Week 4: Statement of Hypotheses / Questions. Literature Reviews Begin.
Students complete treatment and analysis of samples. They also share data from these analyses. Students decide among themselves how they will organize and move data between them. Students, in their research proposal groups, must state at least four (4) different hypotheses / questions. Student groups develop their own hypotheses / questions through a bounded inquiry. I work interactively with the research groups as they generate specific questions. During this process, I ask questions to clarify the dependent and independent variables that the students are working with. I also ask questions like, ”Are your independent variables biotic or abiotic variables?” “Are your dependent and independent variables measurable?” “How will you measure your variables?” “How are your 4 hypotheses / questions related to one another?” This last question is important because I want each research group to propose an integrated set of research questions. After agreeing on hypotheses, each group sends me an email copy of their hypotheses for my records. Sometime during this session, I give a 15 - 20 minute primer on the use of the college library’s online databases of the primary literature (see Week 4: Library Research Strategies).
Week 5: The Proposal - Content and Form.
During this session, I preview my expectations for the full research proposal (see Week 5: Guidelines for Research Proposals) due at the end of the semester. This preview includes a description of the different sections of the proposal, some requirements on content, and examples (see Week 5: Example Research Proposal - Appendix3_proposal_example.doc (156k)). The research proposal must clearly state the 4 hypotheses / questions that were developed by the research group. Experiments must be proposed to answer each of these 4 hypotheses / questions. Students continue their literature reviews.
Week 6: Data Analysis and Presentation.
I give a 15 - 20 minute primer on the use of spreadsheet software to generate graphs. This primer includes how to create a graph from scratch, as well as, some specific information on the format requirements for graphs (i.e. “instructions to authors” information). Editorial formats of graphs and bibliographies follow the conventions of Ecology and Ecological Applications and the examples in the research proposal guidelines (see above). Students also receive a description of annotated bibliographies (see Week 6: Guidelines for Annotated Bibliographies), which includes other examples of the correct bibliographic style.
Week 7: Experimental Design.
I give a 20 - 30 minute primer on experimental design. This primer includes a review of dependent and independent variables, experimental units, the significance of randomization, types of variation, and several specific designs. I discuss completely randomized designs, blocked designs, factorial designs, and a strategy to eliminate repeated measures in experimental designs.
Students also get a preview of the oral presentation requirements during this lab class. The presentation requirements and information on developing a quality oral presentation are covered in more detail in the “Tools for Assessment of Student Learning Outcomes” section below.
Week 8: Annotated Bibliography Due.
Students hand in their first assignment, an annotated bibliography. This assignment is meant to provide most of the information students will need to write the background section of their proposal.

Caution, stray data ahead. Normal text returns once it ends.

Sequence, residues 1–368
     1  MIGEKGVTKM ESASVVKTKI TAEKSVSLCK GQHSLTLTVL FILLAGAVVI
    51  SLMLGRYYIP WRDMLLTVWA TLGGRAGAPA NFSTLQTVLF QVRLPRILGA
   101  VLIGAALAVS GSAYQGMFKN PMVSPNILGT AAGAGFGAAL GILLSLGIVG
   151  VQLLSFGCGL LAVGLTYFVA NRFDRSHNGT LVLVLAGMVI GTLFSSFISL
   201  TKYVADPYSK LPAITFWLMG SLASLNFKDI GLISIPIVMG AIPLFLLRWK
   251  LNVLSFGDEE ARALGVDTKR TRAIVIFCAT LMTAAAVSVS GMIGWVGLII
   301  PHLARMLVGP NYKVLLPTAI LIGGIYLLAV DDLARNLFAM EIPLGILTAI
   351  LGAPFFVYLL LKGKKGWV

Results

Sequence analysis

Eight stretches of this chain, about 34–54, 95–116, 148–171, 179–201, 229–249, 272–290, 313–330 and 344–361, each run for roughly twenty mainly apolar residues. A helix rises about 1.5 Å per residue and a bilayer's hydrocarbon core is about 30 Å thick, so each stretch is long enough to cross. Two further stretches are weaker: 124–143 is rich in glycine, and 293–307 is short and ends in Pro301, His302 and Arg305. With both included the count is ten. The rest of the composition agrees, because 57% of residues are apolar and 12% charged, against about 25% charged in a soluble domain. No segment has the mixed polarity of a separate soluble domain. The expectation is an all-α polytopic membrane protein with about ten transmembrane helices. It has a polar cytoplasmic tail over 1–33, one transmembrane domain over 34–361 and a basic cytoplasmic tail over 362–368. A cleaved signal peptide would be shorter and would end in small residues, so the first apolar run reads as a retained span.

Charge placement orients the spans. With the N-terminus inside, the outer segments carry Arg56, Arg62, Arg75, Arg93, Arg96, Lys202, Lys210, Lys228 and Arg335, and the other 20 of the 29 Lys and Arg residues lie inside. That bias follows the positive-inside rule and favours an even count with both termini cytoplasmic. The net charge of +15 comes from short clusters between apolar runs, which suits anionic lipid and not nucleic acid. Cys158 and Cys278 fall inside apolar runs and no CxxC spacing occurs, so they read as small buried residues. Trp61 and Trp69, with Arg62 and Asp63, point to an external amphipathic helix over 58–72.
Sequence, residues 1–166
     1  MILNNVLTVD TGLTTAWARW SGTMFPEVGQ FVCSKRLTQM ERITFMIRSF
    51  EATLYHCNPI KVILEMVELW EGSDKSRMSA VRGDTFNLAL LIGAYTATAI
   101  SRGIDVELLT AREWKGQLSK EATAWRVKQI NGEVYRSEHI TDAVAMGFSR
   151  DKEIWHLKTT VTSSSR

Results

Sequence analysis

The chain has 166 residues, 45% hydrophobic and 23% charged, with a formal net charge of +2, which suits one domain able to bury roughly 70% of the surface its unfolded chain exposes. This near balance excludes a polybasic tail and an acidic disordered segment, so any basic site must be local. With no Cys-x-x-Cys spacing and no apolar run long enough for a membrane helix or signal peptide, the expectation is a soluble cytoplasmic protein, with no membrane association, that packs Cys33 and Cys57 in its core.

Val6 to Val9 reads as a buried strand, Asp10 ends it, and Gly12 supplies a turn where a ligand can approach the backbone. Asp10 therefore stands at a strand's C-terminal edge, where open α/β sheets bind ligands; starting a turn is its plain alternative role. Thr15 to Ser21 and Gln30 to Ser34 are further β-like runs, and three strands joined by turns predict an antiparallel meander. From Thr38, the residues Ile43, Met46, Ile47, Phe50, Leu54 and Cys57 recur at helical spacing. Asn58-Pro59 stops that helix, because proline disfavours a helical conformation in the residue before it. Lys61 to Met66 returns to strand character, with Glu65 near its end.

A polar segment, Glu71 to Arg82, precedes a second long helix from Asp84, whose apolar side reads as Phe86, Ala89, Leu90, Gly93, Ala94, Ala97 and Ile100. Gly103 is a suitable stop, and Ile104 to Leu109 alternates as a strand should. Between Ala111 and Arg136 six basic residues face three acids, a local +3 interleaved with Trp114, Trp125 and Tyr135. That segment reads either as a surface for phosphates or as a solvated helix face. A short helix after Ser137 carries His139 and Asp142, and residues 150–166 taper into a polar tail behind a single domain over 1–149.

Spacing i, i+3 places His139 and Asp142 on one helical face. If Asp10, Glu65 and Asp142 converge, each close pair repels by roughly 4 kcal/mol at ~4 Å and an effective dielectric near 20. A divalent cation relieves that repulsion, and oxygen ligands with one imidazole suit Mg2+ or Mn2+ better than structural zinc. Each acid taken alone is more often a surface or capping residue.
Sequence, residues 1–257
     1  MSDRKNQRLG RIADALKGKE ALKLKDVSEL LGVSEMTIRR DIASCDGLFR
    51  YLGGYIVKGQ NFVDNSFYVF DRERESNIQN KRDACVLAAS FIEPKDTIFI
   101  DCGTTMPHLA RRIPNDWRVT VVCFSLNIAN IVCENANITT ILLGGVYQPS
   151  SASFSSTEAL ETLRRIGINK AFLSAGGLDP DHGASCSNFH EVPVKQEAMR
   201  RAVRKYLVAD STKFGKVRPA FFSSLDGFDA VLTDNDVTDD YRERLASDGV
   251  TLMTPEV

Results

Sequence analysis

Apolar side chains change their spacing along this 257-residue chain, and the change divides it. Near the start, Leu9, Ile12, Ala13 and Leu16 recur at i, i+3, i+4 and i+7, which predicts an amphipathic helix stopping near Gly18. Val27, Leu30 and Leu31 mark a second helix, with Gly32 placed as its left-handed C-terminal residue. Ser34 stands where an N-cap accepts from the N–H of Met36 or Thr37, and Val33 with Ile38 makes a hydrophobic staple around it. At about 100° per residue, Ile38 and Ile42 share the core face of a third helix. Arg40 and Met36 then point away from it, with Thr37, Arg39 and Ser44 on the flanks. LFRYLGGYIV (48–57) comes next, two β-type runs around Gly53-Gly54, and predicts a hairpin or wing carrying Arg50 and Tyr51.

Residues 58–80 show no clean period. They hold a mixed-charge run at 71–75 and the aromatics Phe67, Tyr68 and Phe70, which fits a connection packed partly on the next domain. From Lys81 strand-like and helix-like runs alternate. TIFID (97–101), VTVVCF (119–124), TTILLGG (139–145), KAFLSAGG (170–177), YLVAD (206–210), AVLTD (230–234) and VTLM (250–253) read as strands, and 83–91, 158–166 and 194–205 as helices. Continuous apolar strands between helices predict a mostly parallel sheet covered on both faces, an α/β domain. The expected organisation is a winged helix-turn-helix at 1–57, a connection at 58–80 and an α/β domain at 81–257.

Week 9: Oral Presentation #1.
Each oral presentation is given as a research group. But, individuals are given individual assessment for their part in the presentation. The focus of this presentation is literature review, background data, and a specific statement of hypotheses / questions. Students are assessed (see Week 9: Oral Presentation Midpoint Assessment Form) on the quality of their presentation organization and style. I use this exercise partly as a formative assessment to give students feedback on the content they have gathered so far. The presentation length is 15 minutes.
Week 10: Data Presentations Due.
Students hand in any graphs and/or tables they will include in their final research proposal. These data are preliminary data collected from the field site or relevant data collected from other sources. An example of other relevant data would be local, monthly, mean air temperatures or average length of growing season. All students must present a graph of the plant distributions in the experimental plot, as this data was the original motivation for hypotheses / questions. Any other data collected from the plot or external sources (e.g. local mean high temperatures) that are relevant must be handed in at this time. Before this, students have been given instruction on the criteria for and examples of good graphs and tables. My assessment focuses on editorial requirements (e.g. fonts, font sizes), clarity of data presentation, and completeness of the title / caption.
Week 11: Peer / Supervisor Review.
A complete rough draft of the final research proposal is due at this meeting. Students exchange a copy of their drafts with 2 students not in their research group. I have not made this an anonymous review process, although this could easily be done. Each student chooses their 2 student reviewers. I provide guidelines or criteria (see Week 11: Guidelines for Peer Reviews of Research Proposals) for this review by peers. I also review papers at the request of authors. Many questions about experimental design come up at this time and I can use this as formative feedback on experimental designs.
Week 12: Oral Presentation #2.